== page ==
Sir Ted Heath would face police questions over child rape if alive today

Police say the claims against Ted Heath were sufficiently credible to justify questioning himGetty

Former prime minister Sir Ted Heath would face questioning from police over allegations he was a serial paedophile were he alive today, a report has declared .

Wiltshire Police said there are sufficient grounds for the former Tory party leader to be questioned under caution over claims he sexually abused raped and indecently assaulted seven children during his lifetime, including allegations he raped a 11-year-old boy in 1961.

Heath would also face questioning over allegations he indecently assaulted underage boys he paid to have sexual encounters with and two claims of indecent assault against adult men.

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The £1.2m report, which has taken two years to produce, said that the threshold for Heath being interviewed under caution in the cases for the claims "does not suggest or conclude guilt".

In total, Heath was linked to 42 sexual assaults on boys aged 11 to 15 and men between the 1950s and 1990s. However, Wiltshire Police concluded that 19 did not meet the threshold to interview under caution, and three people who came forward mistakenly identified Heath as the perpetrator.

A further three were reported by a third party – including one made by a family of one man on his behalf following his death – and three were made anonymously.

The offences that Heath would have been interviewed under caution are one allegation of rape of a male under 16 , three allegations of indecent assault on a male under 16, four allegations of indecent assault on a male under 14 and two allegations of indecent assault on a male over 16.

The report states: "The purpose of interviewing Sir Edward Heath under caution would have been to obtain his account in relation to the allegations made against him.

"It is clearly inappropriate to speculate what his response would have been to the allegations put to him and no inference of guilt should be drawn by the decision to interview him.

"His account would have been as important as other evidence gathered as part of the wider investigation and would have informed the next stages of the investigation strategy.

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"None of the victim disclosures in this category relate to the time when he was the serving Prime Minister."

Heath became leader of the Conservative party in 1965 and was prime minister between 1970 and 1974. He died in 2005 aged 89 having never married, and was considered "completely asexual" by those who knew him.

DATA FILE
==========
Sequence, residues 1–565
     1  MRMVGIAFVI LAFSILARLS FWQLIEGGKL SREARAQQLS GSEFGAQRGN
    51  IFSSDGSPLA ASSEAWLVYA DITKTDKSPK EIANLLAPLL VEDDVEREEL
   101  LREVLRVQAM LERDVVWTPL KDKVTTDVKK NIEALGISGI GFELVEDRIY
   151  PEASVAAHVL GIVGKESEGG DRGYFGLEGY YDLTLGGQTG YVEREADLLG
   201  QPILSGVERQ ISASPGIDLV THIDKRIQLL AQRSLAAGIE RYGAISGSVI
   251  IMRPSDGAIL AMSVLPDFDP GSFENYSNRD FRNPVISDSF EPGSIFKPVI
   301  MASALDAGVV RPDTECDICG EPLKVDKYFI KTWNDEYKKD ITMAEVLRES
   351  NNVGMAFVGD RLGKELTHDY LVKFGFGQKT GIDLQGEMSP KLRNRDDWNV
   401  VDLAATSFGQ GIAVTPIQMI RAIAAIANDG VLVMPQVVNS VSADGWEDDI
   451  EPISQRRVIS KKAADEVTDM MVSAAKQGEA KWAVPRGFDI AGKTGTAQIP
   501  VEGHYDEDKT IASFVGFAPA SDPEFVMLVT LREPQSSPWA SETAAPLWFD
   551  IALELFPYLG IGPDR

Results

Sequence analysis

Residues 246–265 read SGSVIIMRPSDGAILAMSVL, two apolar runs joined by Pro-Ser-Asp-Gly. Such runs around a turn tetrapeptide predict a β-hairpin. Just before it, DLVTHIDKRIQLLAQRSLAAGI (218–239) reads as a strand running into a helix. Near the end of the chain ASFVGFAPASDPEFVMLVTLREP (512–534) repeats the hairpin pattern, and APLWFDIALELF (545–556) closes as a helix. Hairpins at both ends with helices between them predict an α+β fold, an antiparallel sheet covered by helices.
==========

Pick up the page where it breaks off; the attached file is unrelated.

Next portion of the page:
The investigation into Heath, Operation Conifer, started in 2015 after the Independent Police Complaints Commission launched an inquiry into Wiltshire Police over claims a criminal prosecution against the former PM was not pursued when someone came forward with allegation of child abuse against Heath in the 1990s.

Ted Heath was PM between 1970 and 1974 Getty

Following the publication of the report, Wiltshire chief constable Mike Veale said: "The role of the police is very clear in the criminal justice process.

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"The police have a duty to investigate and go where the evidence takes them. It is not our role to prove innocence or guilt – but to present the facts.

"Therefore this report does not apportion guilt. It does not suggest or conclude guilt, and no inference should be drawn from the investigative decisions or conclusions being made by the police.

"Extreme caution has been given so that no assumptions are publicly drawn about truth or untruths. Presumption of innocence is enshrined in our law and is the cornerstone of a just and fair judicial process.

"Despite misleading and inaccurate commentary, nobody from the investigation team or I have made any public or private comment or inference as to a hypothetical outcome of a judicial process if Sir Edward Heath were alive. Any such comments or hypotheses would be flawed by their very nature. They are misleading and distort the criminal justice process.

"Wiltshire Police has done, and will continue to do all that it is able to protect the anonymity of those people who have come forward."

Dr Rachel Hoskins, a criminologist called in by Wiltshire Police to review part of the inquiry, also said some of the allegations in the report were made by "fantasists".

He added: "It was obvious to anyone with half a brain that most of the so-called evidence against Heath didn't stack up. The whole thing is a colossal waste of taxpayers' money. There is no transparency, no sense of accountability."

Lincoln Seligman, Heath's godson, previously criticised Operation Conifer while calling for an official judge-led inquiry into how police conducted the report and the evidence collected.

He said: "My suspicion is that we will learn nothing from the report except innuendo and that really takes nobody any further forward, except it leaves a dark stain over a man who can't defend himself."

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